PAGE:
Canada is in the midst of a “once-in-a-generation” review of its seed industry regulations. But the Seed Regulatory Modernization (SRM) process is also revealing fractures within the country’s seed sector. Animosity appears to be lingering over the Seed Synergy process that led to the formation and launch of Seeds Canada in February of this year.
Canadian grain shippers are worried CN Rail’s plan to boost profits and avoid a shakeup in the executive suite could result in poorer service. “Even though (grain shipping) demand is a bit down (due to a smaller crop) they (CN) started rationing last week and their order fulfilment, especially out of Alberta is dropping,” Greg
After close to a year of high grain prices, Warren McCutcheon expects they should be reflected in the crop values used to calculate crop insurance payouts in 2022. “We’ve seen these prices sustained here for almost a year now so if crop insurance comes out with $4.50 corn and $8 wheat guys are going to
A recent study says cutting fertilizer use to fight climate change could cost farmers almost $48 billion in lost revenue. Commissioned by Fertilizer Canada, the Meyers Norris Penny (MNP) report says reducing fertilizer use by 20 per cent between 2023 and 2030 will significantly lower yields of crops like corn, canola and spring wheat. The findings are
The old saying goes “you’ll never go broke selling crops for a profit,” — but you could be in a financial pickle if you don’t deliver what you sold. That hard financial reality has put the long tradition of forward pricing contracts under the microscope this year. It’s prompting questions about the responsibility farmers and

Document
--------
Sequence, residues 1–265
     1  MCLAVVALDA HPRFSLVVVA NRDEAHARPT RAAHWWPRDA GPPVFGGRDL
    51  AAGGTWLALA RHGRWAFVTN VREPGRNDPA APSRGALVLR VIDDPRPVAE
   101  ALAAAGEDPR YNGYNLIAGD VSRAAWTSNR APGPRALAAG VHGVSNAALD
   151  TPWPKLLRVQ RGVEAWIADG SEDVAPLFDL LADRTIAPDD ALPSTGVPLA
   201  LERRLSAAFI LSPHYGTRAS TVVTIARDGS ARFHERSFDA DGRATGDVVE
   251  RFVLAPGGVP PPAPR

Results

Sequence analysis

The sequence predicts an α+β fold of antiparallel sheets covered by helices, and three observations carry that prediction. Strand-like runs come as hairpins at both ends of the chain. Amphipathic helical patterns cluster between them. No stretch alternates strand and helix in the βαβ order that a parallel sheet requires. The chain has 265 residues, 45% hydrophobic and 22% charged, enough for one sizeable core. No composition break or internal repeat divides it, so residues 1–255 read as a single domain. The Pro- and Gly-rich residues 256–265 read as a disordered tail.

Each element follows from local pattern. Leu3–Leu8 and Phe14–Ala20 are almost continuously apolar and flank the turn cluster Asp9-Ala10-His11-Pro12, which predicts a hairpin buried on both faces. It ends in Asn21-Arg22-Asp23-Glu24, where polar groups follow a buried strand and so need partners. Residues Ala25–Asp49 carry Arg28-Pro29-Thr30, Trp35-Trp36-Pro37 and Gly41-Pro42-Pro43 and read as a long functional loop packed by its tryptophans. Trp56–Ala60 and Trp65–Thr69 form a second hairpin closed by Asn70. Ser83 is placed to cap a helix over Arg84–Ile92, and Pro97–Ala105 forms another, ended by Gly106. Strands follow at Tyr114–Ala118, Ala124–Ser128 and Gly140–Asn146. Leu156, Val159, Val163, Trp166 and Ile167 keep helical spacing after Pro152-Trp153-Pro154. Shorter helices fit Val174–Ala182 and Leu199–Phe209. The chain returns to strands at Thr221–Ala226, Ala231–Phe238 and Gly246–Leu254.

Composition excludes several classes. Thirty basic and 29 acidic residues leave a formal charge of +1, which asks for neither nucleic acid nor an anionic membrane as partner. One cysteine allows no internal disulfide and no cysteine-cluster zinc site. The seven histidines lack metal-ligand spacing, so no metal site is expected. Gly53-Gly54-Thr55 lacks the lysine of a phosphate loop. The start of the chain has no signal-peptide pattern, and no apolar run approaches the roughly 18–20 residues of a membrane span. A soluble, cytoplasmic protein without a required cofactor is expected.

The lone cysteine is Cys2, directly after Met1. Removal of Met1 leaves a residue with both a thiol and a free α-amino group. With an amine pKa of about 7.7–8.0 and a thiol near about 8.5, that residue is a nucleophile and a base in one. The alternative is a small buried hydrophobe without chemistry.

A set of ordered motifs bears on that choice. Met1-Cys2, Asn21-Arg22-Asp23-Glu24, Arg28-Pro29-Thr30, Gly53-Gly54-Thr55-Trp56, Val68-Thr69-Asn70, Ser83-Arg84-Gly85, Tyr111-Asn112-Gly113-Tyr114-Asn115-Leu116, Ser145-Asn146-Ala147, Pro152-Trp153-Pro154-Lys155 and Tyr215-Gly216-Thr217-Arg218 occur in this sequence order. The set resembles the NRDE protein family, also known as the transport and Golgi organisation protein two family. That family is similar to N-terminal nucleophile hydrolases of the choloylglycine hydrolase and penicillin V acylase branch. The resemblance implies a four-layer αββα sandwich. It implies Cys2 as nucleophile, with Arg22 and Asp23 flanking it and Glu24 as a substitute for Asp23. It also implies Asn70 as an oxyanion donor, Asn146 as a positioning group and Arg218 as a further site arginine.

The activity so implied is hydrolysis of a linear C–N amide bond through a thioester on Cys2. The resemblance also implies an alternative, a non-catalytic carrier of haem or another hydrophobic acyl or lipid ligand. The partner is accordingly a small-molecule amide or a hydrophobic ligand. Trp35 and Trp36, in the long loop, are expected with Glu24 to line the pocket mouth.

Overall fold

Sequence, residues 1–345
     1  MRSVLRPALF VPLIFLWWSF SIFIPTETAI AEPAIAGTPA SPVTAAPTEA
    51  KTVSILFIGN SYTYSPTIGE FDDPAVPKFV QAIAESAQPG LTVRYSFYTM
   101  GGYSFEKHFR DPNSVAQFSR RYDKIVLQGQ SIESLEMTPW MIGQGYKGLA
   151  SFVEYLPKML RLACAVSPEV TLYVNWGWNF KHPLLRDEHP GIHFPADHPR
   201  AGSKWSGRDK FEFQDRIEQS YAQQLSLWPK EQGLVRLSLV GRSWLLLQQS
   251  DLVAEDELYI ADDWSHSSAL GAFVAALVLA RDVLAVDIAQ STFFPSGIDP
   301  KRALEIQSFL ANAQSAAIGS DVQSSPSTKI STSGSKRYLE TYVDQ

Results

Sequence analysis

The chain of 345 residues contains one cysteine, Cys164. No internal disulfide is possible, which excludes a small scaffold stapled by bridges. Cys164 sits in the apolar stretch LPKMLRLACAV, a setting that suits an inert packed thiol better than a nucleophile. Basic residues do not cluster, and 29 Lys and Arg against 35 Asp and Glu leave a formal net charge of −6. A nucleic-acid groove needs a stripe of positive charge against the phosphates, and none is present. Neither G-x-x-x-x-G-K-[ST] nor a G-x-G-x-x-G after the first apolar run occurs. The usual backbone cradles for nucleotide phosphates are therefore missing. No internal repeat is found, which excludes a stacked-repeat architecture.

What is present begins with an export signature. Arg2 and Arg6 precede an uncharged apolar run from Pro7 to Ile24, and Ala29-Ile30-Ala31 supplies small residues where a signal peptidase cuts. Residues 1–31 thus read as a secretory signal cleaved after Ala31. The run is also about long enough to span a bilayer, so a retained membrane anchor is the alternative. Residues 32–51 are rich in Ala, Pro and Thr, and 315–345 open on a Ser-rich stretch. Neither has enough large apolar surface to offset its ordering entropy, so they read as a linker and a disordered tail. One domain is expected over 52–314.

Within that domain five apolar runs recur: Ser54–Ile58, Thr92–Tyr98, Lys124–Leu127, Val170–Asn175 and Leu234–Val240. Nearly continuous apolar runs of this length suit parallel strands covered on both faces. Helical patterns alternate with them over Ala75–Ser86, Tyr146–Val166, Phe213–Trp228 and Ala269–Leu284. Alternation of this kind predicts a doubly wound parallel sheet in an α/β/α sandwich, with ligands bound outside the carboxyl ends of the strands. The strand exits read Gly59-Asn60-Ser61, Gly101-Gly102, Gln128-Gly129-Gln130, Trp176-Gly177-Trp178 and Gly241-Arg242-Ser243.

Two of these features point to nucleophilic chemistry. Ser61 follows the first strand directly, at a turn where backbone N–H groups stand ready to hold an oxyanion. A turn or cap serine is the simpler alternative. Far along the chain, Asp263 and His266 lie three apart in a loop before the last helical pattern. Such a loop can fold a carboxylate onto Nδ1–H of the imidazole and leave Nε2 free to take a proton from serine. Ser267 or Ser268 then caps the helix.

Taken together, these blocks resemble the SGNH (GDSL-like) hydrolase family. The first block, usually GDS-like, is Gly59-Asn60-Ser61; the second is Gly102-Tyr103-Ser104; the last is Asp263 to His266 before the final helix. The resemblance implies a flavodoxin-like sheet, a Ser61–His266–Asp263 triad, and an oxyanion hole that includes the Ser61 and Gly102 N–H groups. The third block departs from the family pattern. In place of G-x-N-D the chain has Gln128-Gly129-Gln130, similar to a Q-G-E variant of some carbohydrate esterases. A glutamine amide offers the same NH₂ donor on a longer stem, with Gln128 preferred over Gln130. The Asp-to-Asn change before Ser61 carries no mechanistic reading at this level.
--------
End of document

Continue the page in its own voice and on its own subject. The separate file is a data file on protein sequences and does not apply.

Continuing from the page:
The cost of using options to lock in a floor price for crops is tied to the floor price. The higher the floor price, the higher the cost of what is essentially an insurance premium. If a farmer pays, say, $1 a bushel to lock in a minimum canola price of $16 a bushel, the
Statistics Canada’s latest estimate of Manitoba crop yields are down for most crops, with two main exceptions: soybeans and grain corn. As in its previous report, StatsCan expects most Manitoba crops will yield better than those in Saskatchewan and Alberta. Still, while some experts say these latest yield estimates are likely closer to reality than
Bob Hopley, a farmer from Oak River, and the brains behind the creation of the Net Income Stabilization Account (NISA), which evolved into today’s AgriInvest risk management program, passed away Aug. 25 at the age of 87. “Bob had a mind second to none in terms of figuring things out,” his longtime friend and veteran
Farmers who contracted to deliver a portion of this year’s crop at a specific price but can’t fill it because drought cut production have a problem. Depending on the contract they are obliged to either find the equivalent grain elsewhere and deliver it, or pay the grain company what it costs to acquire the grain.
For many years the Prairie pulse sector revolved around an orderly flow of shipping containers. They moved out of manufacturing hubs like southern China stuffed with consumer goods of all sorts, to ports in Vancouver and Prince Rupert. There they were emptied, and loaded again with outbound goods — in this case pulse crops like